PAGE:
By RASHAD ROLLE
Tribune Staff Reporter
PRESS Secretary Anthony Newbold said Tuesday he does not know if the Minnis administration has made progress in its plans to allow capital punishment to be resumed in the Bahamas.
After demanding in opposition that the law on capital punishment be enforced, the Minnis administration has, since its election victory in May, done nothing to suggest it has begun movement on the issue.
"I don't know if or when that will happen," Mr Newbold said yesterday when asked what the administration's plans are to allow capital punishment to resume.
"I will say this: the Attorney General's Office is pretty busy right now doing a lot of things, like preparing the anti-corruption agenda the prime minister has talked about. The attorney general spoke last week about the fact that our money laundering laws are a total mess. Is something being prepared to deal with capital punishment? I can't say at the moment.
"I don't know when or if, the prime minister hasn't said anything to me certainly about capital punishment. In light of what's happening, it's certainly one I will ask him."
One hundred and seven people have been murdered so far this year, a number that outpaces last year's rate up to this point when about 76 people had been killed, according to The Tribune's records.
In February, while in opposition, Dr Minnis said unless the government is willing to enforce the death penalty, "criminals will continue to ravage our country and keep citizens in fear."
Although the law allows for capital punishment, the death penalty has not been carried out since January 2000. That year, David Mitchell was executed for stabbing two German tourists to death.
In 2006, the London-based Privy Council ruled that the Bahamas' mandatory death sentence for convicted murderers was unconstitutional.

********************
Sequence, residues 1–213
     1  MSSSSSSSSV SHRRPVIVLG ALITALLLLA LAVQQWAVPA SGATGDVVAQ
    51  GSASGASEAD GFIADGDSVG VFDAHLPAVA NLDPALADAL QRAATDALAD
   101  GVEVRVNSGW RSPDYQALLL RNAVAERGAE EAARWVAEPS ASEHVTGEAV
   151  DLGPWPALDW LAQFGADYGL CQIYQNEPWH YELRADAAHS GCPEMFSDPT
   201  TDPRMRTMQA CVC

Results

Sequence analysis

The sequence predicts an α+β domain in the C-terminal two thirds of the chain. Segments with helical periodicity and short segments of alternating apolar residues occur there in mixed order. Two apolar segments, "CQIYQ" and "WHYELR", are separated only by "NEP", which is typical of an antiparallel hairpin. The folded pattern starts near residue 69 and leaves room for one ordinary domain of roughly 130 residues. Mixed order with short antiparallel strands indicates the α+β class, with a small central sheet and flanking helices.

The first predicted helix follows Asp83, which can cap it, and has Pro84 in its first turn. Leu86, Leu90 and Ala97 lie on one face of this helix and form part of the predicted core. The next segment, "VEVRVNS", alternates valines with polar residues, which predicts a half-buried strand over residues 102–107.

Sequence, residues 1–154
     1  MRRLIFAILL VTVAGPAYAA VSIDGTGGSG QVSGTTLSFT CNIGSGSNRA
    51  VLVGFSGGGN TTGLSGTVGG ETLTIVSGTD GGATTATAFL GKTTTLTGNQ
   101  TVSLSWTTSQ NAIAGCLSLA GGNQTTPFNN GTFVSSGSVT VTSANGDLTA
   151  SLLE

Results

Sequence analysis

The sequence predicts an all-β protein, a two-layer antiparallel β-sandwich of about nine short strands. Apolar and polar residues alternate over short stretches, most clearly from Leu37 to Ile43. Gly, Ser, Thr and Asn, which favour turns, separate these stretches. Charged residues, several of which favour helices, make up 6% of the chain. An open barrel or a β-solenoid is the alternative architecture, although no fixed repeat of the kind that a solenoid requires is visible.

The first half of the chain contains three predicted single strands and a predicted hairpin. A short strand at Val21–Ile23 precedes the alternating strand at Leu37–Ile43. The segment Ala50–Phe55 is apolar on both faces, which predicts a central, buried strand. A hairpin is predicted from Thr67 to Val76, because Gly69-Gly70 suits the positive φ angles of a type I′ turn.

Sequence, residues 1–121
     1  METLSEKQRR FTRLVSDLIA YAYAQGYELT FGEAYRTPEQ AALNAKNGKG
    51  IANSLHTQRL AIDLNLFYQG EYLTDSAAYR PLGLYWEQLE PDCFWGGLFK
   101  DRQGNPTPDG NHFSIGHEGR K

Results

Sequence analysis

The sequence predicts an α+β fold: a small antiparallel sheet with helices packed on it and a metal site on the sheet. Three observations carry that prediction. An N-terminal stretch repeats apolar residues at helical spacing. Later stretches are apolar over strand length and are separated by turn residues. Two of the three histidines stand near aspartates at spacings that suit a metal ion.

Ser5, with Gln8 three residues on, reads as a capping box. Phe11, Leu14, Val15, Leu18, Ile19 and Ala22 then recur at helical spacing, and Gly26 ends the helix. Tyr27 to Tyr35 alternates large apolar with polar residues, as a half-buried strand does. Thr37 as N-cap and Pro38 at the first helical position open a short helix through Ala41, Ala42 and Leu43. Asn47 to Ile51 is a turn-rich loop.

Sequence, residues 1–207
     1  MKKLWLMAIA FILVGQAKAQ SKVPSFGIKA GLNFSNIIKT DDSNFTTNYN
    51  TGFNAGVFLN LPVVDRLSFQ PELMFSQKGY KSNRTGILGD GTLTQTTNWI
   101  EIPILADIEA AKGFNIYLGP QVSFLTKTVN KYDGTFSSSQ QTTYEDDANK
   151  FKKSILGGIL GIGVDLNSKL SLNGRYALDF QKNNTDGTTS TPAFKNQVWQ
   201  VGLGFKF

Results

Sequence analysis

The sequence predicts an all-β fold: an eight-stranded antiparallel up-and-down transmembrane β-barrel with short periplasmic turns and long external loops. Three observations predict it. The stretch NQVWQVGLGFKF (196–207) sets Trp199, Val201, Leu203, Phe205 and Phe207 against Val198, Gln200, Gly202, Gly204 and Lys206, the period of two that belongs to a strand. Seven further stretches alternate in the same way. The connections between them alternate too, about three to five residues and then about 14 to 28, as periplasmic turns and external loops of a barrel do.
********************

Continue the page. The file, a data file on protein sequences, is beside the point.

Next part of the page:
In 2011, after a ruling from the Privy Council, the Ingraham administration amended the death penalty law to specify the "worst of the worst" murders that would warrant execution.
Under the amended law, a person who kills a police or defence force officer, member of the Departments of Customs or Immigration, judiciary or prison services would be eligible for a death sentence. A person would also be eligible for death once convicted of murdering someone during a rape, robbery, kidnapping or act of terrorism.
Chief Justice Sir Hartman Longley said last year that the chances of ever imposing the death penalty under present laws are nil, adding that a massacre is a kind of event that may allow the death penalty to take place.
Last year, however, Dr Minnis said it's time to pop the necks of "murderous scumbags."
"Our economy, Mr Speaker, will not grow until we solve the issue of crime and as you know crime is a multifaceted issue, which requires multifaceted approaches (involving) the family, the church, civil society and the government. (They) must all join forces to combat this societal mess," Dr Minnis said in the House of Assembly in June 2016.
"Just the other day, a young man was gunned down at the ATM machine. We must, as hanging is on our books, we must hang these criminals. These murderous scumbags must be hung by the neck until they are dead."
He continued: "The murderous scumbags must be hung as that is on our laws. Hang, hung, whatever…pop their necks."
Later that month, he told The Tribune if elected as prime minister, he would immediately seek to amend the Constitution to remove the UK-based Privy Council as the highest court of appeal for murder convicts.
He said last year in the case of such convictions, Supreme Court judges, if they believe the nature and circumstance of a murder merit a death sentence, should not have their ruling appealed to any court outside the country if the Court of Appeal upholds their ruling.
"I want to amend the Constitution so murder cases will only go as far as the Court of Appeal right here and would no longer go to the Privy Council," he told The Tribune last year.
"I will do everything to carry out the law and the law says hang so that is what I will do.
"This issue will be discussed and debated in the House of Assembly and then taken to the people. We will have this referendum because I am a strong advocate and believer of hanging.
"The crime has to stop and this is just one way we will attempt to stop it.
"I will do everything in my power to ensure that we start hanging these murderers," Dr Minnis said in June 2016.